The World Economic Forum brings out the Global Risks Report every year ahead of its annual Davos event. The report features the potential impact and likelihood of 29 global risks. One of the categories is environmental risks. For example, ‘water crises’, ‘failure of climate change mitigation and adaptation’ and ‘extreme weather events’ were featured as the top 3 risks for the next decade in the 2016 Global Risks Report.
The framing of environmental issues as risks is not new, but such framing is being increasingly used to make the business case for sustainability. The various operational, regulatory, reputational, financial and market risks to businesses, resulting from unsustainable extraction and use of resources (viz. water, biodiversity, materials and energy), and from the impacts of wastes and emissions (viz. air emissions, solid wastes, wastewater, carbon emissions) are often underscored to drive home the importance of corporate environmental management. The business case of sustainability, according to a number of recent studies, lies in managing these risks effectively and in harnessing any opportunities that arise in the process (e.g. green products, cost savings from energy/raw material conservation, product differentiation, improved brand image etc.).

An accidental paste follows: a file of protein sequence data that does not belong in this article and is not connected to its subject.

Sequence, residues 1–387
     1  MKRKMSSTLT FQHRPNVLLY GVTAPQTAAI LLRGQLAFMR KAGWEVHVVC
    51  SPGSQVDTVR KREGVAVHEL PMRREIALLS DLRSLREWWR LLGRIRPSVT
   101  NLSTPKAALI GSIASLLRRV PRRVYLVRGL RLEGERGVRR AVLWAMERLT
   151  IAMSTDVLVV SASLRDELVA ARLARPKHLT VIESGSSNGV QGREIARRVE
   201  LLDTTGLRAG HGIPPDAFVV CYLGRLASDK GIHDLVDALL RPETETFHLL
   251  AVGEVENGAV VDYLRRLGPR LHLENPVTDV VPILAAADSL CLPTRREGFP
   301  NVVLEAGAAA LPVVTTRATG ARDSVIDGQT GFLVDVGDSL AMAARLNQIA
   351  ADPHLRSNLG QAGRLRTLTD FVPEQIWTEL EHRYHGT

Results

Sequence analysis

But why is there a need to frame environmental issues as risks? Why don’t environmental problems such as climate change, biodiversity loss or water crisis by themselves evince enough alarm to galvanize business into action? It would be naive to think that corporations are altruistic entities and that solving global environmental problems is on their agenda. Corporations operate in such fiercely competitive environments governed by brute market forces, that pragmatism is the only consideration which drives decision-making – the bottomline is the only thing that matters. But, the fact is that environmental problems do affect the bottomline. Raw material scarcity, extreme weather events and contamination (and the associated costs, litigation and consumer backlash) can lead to disruption and closure of operations and can make entire supply chains come crashing down. Therefore even if businesses think that saving the planet is not their business, from a risk perspective, it very much is. Thus, framing environmental problems as real risks to their profits and their very viability is the only way sustainability can appeal and make sense to corporations, rational dispassionate market entities that they are. Sustainability can sneak into corporate boardrooms disguised only as risk!